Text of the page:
Off we go and there are almost continuous announcements in Mandarin.  Once through the suburbs, the train perceptibly speeds up and shoots along at 150 mph.  The acceleration is noticeable, and audible, an indistinct and distant hum rather like the sound of the original Starship Enterprise at Warp Factor 10.

We plunge through misty green forests and mountains, brown rivers, farms and rice paddies. There are endless tunnels. Some long, some short. Billions of dollars have gone into building this railway – and it is only one of many.

We arrived at Guilin Bey (North) Railway Station at 12,30pm on a hot and humid afternoon.  We  got off the bullet train, along with myriad Chinese, and followed them down the stairs into the underpass. Chattering, walking, kids laughing, suitcases on wheels rumbling along. The Chinese experience is to be surrounded by people.

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To Liuzhou and on to Zhiangziajie

Onwards: another city, another railway station.  This one is different; older, more prosaic.  The first two, at Guangxhou and at Guilin North, were grandiose to the point of being ridiculous.  This one is more intimate, more obviously a railway station rather than a palace, and very much older, dating from the 1970’s or even older.

In the huge waiting room (a departure lounge really) we’re enjoying massage chairs at Y4 (about 40p) for 10 minutes.  I say “enjoying”.  My wife and daughter think they are great, and had two goes each.  I found the massage a bit heavy handed.

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By bullet train from Guilin to a city called Liuzhou, from whence we will take sleeper train to another city called Zhiangziajie. So many cities I have never heard of.  Here is a train with a front like an aircraft, like a TGV, based in fact on a Japanese Shinkansen train, and the “dwell time” at this station (the time spent stationary in the platform) has been over five minutes.  That said, the train did arrive early.  As a commuter in the Home Counties, I’m accustomed to “dwell times” of less than a minute – in and out, quick quick quick…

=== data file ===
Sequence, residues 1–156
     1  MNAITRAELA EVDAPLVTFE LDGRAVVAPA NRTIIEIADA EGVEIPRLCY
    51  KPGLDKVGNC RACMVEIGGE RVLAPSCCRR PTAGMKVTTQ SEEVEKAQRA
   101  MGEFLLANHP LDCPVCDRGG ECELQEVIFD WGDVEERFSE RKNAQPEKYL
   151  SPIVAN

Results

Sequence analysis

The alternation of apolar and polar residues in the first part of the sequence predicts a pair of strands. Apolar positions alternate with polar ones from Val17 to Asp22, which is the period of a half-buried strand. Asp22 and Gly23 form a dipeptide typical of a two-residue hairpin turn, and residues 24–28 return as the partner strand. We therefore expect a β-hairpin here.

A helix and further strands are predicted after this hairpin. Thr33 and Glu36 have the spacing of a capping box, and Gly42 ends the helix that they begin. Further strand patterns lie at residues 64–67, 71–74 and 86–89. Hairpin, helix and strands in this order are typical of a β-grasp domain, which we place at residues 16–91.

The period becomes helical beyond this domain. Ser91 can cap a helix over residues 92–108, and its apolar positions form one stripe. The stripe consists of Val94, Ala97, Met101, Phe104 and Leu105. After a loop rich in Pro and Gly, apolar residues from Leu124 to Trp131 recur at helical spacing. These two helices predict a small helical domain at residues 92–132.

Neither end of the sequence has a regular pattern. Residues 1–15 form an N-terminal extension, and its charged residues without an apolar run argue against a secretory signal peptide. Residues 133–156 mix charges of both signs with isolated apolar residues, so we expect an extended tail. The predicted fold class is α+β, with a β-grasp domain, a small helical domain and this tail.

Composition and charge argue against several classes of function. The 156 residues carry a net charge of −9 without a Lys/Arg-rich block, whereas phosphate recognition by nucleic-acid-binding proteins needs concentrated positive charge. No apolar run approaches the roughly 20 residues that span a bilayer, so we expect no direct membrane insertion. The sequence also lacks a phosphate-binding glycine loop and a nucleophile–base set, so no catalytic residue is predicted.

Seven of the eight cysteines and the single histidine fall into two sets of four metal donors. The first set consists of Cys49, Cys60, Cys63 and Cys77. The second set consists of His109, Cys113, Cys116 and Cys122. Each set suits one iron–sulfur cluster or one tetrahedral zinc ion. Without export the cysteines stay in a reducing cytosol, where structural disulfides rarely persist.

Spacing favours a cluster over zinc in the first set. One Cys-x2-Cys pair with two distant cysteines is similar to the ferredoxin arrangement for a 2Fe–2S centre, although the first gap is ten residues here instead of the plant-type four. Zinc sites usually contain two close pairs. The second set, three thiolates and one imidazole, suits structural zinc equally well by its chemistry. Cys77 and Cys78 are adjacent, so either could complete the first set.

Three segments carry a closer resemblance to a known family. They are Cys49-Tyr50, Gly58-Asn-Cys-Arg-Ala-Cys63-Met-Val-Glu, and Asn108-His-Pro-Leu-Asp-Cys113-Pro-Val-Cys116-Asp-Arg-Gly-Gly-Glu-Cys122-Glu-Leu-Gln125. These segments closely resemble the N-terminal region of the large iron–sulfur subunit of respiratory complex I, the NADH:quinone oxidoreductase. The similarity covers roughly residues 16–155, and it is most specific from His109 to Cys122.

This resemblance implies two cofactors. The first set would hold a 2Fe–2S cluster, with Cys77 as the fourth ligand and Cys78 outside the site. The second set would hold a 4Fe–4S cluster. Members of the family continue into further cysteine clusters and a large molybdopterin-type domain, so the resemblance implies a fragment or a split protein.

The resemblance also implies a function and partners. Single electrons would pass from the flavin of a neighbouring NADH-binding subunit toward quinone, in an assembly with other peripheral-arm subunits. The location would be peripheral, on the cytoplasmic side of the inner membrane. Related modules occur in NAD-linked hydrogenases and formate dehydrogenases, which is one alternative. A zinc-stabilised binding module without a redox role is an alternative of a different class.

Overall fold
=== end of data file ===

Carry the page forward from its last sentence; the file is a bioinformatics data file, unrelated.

Liuzhou is a city of over three million people. I’d never heard of it, and it is just one of hundreds of cities of this size in China.  Here is the railway station:

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We walked a little away from the station, having to run some light interference from taxi drivers, in order to be far enough away from the station to find somewhere to hail a “Didi” (the Chinese equivalent of Uber) where it might safely and legally stop.  We took the taxi to a second railway station, called Liujiang, located in in an area of the city called Labao – a good 40 minutes by taxi.  The driver was an affable fellow; himself a Chinese teacher, and he took our photo when he dropped us off.  The second station, whence we arrived at dusk, was something of a disappointment.  More in the “Inter-Railing” style of railway station – just a single track, a single waiting room.  Outside, some shops and little cafes where we found something to eat.  Though not without some stress and difficulty in establishing what we might eat: no pictures, and of course no English menu.

The waiting room was stressful, to a degree: by now we were tired and the train was late.  “Do not lie down” the signs said. People laid down.  Our  tiresome wait was enlivened by the sign above the door for the “Security” people, where the proof-reading had failed.  The “r” and the “i” had blurred into an “n”. This slightly rude sign cheered us up as eventually the train roared in, and everyone got on.